The raccoon is a small nocturnal mammal, with grayish brown fur, a bushy banded tail and black masked face. They are highly adaptable, extremely intelligent animals that live well in cities, suburbs, and rural environments.
Raccoons can cause damage such as dumping trash cans, disturbing gardens and ponds, and injuring small pets. They can damage homes by shredding duct work, or chewing on wiring which may also cause a fire hazard. They may enter attics, chimneys and crawl spaces and bring ticks and fleas into your home, not to mention the droppings they leave behind that can carry round worm.
Some species of birds can create a nuisance with their noise and droppings, while some may even cause property damage. Plus bird droppings can cause Histoplasmosis, which is an infection by a fungus found in the droppings of birds and bats in humid areas.
Choosing the right course of action is essential, as the Migratory Bird Treaty Act (MBTA) provides federal legal protection for wild birds. Species not native to North America and resident game birds are not protected under this act.
Both red and gray foxes are native to Illinois. Red fox are the larger of the two species; gray fox are much smaller. While it is not uncommon to confuse them by color since red fox can appear gray, and vice versa, a white-tipped tail indicates a red fox.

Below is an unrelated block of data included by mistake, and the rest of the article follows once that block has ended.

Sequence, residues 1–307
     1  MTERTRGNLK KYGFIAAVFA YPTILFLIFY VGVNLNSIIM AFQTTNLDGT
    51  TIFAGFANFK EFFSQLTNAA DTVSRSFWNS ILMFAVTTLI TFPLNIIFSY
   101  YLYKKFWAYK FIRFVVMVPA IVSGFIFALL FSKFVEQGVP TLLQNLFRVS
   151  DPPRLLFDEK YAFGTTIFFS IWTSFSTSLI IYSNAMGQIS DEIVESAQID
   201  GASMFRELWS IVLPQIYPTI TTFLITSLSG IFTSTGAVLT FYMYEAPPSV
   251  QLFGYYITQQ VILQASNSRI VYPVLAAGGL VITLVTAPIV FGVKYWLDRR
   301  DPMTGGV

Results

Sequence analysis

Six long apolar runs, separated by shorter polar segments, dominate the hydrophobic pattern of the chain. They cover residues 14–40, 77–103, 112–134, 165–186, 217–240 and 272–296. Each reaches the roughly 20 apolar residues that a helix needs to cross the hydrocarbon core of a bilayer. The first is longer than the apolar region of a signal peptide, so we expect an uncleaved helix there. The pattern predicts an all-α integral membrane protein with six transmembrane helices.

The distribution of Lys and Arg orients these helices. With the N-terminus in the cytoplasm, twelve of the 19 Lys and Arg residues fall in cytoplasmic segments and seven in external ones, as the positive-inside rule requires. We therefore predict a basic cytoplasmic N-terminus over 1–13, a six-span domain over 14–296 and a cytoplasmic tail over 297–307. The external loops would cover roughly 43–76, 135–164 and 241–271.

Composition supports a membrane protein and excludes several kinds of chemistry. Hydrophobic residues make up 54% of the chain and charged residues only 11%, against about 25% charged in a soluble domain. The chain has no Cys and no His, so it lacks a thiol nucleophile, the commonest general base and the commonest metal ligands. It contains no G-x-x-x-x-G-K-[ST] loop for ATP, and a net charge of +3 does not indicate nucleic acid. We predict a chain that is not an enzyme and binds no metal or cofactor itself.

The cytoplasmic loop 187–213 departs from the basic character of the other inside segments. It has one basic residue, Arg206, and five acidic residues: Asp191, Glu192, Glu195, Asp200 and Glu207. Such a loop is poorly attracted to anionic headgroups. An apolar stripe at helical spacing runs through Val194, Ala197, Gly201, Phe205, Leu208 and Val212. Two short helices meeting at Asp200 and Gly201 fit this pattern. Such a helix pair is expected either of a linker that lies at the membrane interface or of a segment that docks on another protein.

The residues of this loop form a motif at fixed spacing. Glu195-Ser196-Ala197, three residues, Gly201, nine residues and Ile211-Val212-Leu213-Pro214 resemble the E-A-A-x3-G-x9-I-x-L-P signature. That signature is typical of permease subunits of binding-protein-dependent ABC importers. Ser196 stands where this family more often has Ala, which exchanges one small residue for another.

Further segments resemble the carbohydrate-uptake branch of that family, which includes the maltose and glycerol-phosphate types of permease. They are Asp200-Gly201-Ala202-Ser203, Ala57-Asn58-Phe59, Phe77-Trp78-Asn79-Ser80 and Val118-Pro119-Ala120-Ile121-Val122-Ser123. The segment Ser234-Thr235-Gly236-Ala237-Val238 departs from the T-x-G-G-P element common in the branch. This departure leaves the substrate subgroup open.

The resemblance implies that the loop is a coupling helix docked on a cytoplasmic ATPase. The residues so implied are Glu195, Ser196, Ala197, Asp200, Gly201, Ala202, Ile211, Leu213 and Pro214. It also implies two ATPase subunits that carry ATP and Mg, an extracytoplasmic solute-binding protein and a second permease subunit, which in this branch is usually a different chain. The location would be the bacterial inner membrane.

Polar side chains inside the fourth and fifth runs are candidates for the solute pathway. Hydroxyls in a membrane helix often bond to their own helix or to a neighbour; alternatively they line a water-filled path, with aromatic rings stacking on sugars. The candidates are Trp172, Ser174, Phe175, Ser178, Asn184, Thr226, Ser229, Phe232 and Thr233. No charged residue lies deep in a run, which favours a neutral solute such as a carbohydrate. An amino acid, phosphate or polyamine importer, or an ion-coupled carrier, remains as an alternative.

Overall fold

Fox inhabit diverse habitats, and adapt to suburban and urban areas. They are omnivorous, feeding on a variety of animals and plants, including squirrels, mice and fruits. Homes and yards provide foxes with habitat and food, while conflicts often occur in the springtime when they are looking for denning sites and may build under a porch or shed. They can also eat cats, dogs, chickens and ducks.
Beavers are the largest rodent in Illinois, reaching lengths of 3 to 3 1/2 feet and weighing 25 to 60 pounds. Their stout bodies are covered with reddish-brown to blackish fur except for the broad, dorsally flattened tail, which is covered with dark, leathery scales.
Beaver can cause quite a bit of damage to property, including cutting down valuable trees, damaging corn fields, damming drainage ditches, and causing flooding. Once a beaver colony is established it is very difficult to control and time consuming to remove. However, beaver dens should be removed as quickly as possible to avoid attracting more beavers.
Nearly 40 species of snakes can be found in Illinois. Some species are more common than others, most of which are not poisonous and are ecologically beneficial. Snakes are drawn to potential food sources such as bird feeders. They are also drawn to good hiding places such as brush piles, under homes and porches, low hanging bushes, foliage and overgrown grassy areas. Snakes can be found both inside and outside the home. If mice are finding their way into your home, there is a good bet a snake could use the same entry.
River otters are the largest member of the weasel family found in Illinois. They are long, streamlined mammals, dark brown to black in color, with a tapered, furred tail, a broad, flattened head, prominent nose and long, bristly whiskers. An otter can completely clean out a pond of fish if not removed from the area.